During the course of the Uniting Methodist Conference, author David N. Field, lead the group by lecturing from some of the material of his book, Bid Our Jarring Conflicts Cease: A Wesleyan Theology and Praxis of Church Unity

One of the key points Mr. Field unpacked was the role of holiness in the Wesleyan theological framework. For the sake of brevity in this post I wanted to highlight one major clarification about holiness in the Wesleyan tradition. 

Photo by Milada Vigerova on Unsplash

Growing up I was told that holiness was meant to mean "that which is set apart". So holy things are things that are set apart for a special use. The Bible is holy and Sabbath is holy. Objects and places can be holy, but so can God. And since God is holy, God is "up there" separated from us. There are spirits but there is only one Holy Spirit, which is a part of God but we talked about the Holy Spirit as though it was separated from God in some way. The things that are holy are the things that are set apart and to be treated with reverence. It was not too far off the mark that holiness was just another word for complete and pure.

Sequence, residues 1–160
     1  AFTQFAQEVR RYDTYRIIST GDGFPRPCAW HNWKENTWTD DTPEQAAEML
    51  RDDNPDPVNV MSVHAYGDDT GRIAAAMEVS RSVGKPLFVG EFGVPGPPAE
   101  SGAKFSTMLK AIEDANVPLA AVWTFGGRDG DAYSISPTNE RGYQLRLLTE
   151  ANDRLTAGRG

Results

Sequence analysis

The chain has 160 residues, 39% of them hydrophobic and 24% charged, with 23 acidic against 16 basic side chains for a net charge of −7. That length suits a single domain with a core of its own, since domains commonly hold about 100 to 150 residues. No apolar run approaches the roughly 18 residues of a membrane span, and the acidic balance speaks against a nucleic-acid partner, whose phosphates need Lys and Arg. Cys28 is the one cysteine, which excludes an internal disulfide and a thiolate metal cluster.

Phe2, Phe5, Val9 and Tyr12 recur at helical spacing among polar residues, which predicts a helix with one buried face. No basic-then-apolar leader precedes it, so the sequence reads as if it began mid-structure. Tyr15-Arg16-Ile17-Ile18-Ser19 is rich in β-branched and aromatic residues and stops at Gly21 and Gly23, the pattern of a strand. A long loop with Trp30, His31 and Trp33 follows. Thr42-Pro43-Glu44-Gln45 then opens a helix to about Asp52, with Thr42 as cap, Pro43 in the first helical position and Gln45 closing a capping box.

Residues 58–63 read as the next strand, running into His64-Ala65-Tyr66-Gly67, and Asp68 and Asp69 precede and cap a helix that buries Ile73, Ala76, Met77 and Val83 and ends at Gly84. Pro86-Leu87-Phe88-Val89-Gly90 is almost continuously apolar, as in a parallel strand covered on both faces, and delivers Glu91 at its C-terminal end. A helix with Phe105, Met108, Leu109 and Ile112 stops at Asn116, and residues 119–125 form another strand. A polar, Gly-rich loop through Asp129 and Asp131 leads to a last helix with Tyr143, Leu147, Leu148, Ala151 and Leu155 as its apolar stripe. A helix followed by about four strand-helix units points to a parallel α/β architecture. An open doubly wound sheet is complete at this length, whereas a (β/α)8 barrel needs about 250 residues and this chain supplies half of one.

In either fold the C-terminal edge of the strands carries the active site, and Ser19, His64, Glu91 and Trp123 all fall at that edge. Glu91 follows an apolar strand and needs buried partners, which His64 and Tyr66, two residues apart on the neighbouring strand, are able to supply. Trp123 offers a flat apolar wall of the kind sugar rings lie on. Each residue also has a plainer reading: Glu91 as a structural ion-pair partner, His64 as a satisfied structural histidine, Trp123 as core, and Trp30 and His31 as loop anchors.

When we conflate holiness with completeness and purity then we are off the mark. Holiness in the Wesleyan tradition is not an adjective that describes an object, but a verb that describes the Christian life. The holy life is not a pure life but a life that is driven by love. Thus the holy one is the one who moves toward others. When holiness is seen as something that is set apart so in order to avoid contamination, we confuse holiness with purity. 

To quote Field's book:

Holiness is that which distinguishes the Christian community from the broader society. Paradoxically, when the core of holiness is love, then that which is to be the primary distinguishing marker of the Christian community is that which directs the Christians, as individuals, and the church, as a community, away from themselves toward God and others.